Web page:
‘To block or not to block?’ is the question when it comes to social etiquette on Twitter. You may have suddenly found that you are no longer seeing tweets from a certain profile in your Twitter newsfeed. If you have been blocked by this user you will know by clicking on their profile and seeing the following message:
‘You are blocked from following @XXXX and viewing @XXXX’s tweets’ with a link directing you to a Twitter landing page explaining that users have the tools to control their experience, including blocking.
If you have been blocked from an account, you won’t receive any form of notification from Twitter when the action has been taken by another user, however it will mean that you will no longer able to follow or view tweets from the user who has blocked you, nor will you see any tweets that user has published which include your Twitter handle. They however, can continue to view your tweets in your profile if you haven’t returned the block.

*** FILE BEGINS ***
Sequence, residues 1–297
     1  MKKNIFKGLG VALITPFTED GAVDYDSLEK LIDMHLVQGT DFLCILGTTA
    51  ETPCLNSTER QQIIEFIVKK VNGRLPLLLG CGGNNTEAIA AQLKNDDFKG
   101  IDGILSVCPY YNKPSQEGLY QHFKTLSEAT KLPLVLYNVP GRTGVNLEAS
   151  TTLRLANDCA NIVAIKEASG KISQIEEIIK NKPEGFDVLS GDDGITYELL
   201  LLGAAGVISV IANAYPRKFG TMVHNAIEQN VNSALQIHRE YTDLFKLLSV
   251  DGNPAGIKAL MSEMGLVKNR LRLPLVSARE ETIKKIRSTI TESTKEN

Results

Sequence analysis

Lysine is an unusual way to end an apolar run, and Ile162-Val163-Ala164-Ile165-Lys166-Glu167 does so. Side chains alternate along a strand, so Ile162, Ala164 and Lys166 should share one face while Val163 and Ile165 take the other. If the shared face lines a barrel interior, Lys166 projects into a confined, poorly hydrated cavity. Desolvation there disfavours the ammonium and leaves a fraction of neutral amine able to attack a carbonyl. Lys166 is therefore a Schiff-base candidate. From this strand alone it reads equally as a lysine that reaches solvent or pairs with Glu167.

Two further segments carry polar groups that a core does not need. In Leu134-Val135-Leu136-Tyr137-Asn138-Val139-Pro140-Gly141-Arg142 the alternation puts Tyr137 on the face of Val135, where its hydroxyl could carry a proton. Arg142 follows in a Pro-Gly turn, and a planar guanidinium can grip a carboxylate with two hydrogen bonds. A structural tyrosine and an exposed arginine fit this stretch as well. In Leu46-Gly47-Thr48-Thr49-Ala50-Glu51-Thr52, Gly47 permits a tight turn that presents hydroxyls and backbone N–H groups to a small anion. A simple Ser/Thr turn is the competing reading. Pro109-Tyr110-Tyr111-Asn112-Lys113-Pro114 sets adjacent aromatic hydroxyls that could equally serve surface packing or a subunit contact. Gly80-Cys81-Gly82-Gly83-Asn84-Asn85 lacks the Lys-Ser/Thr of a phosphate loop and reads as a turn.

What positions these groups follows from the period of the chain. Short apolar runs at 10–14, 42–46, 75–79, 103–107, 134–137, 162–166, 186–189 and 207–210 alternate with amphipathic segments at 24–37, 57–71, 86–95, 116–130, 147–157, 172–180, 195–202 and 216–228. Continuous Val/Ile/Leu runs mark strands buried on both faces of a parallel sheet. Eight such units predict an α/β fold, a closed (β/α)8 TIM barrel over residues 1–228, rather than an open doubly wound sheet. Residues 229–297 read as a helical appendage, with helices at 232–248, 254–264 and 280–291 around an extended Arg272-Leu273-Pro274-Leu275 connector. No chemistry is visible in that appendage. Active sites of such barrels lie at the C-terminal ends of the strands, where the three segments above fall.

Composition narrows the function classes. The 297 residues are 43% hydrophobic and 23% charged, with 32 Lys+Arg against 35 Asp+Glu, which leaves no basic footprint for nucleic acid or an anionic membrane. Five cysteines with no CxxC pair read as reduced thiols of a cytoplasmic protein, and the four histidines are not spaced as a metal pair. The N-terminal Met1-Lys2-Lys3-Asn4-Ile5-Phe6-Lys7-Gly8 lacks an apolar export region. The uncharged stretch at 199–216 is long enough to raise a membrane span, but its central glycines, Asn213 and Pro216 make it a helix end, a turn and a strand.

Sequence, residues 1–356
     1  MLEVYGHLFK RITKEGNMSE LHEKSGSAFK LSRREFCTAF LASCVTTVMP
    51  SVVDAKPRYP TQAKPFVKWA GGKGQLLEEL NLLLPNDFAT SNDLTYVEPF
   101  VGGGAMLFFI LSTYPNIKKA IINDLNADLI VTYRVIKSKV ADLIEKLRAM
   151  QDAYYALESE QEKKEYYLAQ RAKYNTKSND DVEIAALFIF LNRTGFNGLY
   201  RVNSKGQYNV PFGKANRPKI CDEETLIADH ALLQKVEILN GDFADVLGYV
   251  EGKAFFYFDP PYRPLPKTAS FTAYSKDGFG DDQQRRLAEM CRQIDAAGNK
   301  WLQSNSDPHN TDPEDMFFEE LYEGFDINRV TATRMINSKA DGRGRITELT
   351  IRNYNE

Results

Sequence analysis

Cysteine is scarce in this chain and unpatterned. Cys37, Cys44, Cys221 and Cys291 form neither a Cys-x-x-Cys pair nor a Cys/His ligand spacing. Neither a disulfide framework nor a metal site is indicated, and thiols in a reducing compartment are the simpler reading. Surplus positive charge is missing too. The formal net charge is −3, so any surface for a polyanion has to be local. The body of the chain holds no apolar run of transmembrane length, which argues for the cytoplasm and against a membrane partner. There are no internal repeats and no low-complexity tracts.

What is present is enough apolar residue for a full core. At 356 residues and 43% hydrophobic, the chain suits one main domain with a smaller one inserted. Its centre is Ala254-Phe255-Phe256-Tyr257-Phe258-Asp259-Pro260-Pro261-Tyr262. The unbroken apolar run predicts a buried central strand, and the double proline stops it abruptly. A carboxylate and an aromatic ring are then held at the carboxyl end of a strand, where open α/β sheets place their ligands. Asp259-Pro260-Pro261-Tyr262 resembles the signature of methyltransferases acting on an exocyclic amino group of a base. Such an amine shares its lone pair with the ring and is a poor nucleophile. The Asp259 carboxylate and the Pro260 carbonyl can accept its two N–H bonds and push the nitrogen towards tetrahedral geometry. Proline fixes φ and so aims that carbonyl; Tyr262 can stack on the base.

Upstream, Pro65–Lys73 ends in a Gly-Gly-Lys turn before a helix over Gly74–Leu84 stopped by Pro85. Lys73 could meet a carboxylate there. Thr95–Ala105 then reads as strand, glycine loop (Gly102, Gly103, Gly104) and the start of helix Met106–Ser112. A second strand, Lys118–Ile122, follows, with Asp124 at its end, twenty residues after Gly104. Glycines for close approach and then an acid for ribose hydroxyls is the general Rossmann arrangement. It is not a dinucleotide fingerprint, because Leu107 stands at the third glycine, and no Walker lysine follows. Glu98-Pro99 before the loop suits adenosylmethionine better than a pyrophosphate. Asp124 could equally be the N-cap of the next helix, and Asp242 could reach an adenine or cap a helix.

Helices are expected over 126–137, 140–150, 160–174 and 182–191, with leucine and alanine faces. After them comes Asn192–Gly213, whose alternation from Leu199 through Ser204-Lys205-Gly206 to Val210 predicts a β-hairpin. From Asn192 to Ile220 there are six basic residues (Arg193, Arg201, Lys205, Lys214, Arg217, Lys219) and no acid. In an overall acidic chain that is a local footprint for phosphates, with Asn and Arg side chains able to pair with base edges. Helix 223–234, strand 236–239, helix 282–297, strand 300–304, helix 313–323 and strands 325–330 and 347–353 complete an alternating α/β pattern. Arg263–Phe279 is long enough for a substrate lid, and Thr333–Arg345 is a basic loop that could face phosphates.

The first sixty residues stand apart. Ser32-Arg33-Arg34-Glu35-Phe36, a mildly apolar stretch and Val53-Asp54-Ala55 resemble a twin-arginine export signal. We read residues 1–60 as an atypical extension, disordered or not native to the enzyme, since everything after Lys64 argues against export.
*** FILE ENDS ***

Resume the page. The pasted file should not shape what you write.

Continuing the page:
Whilst Twitter has now implemented an abuse policy the grounds for blocking remain at the individual user’s discretion, however there are standard valid reasons for blocking a user on Twitter.
2) Offensive photos
3) Offensive videos
4) Offensive language
It becomes a grey area when users block each other ‘just because’ without a valid, legitimate reason. Usually, unless your profile is set as private, in public profiles each user will only share what it wants its audience to know, and users usually only follow a certain profile as they are interested in what the user has to tweet about.
In the case of brands and competitors it would be highly unusual for a competitor to block another brand on Twitter because as an open forum for communication, it is a platform for discussion, services, broadcasts and engagement. It fuels conversation and drives innovation, all the while challenging brands to stay one step ahead of the game. Having previously launched John Lewis on social media I would have never considered at any stage blocking the social media accounts of competitors in the market as we were conscious that we had consented to join an open network and therefore built a strategy to drive conversation that fuelled engagement and innovation which embraced competition as opposed to blocking competitive noise and stunting growth.
So I guess I should go back to the original question ‘to block or not to block?’ when reflecting on social etiquette on Twitter. If you were manning the front doors of a Debenhams department store, would you close the doors to Marks and Spencer staff? Aside from if they’ve breached one of the top 5 reasons listed above, I would assume not.
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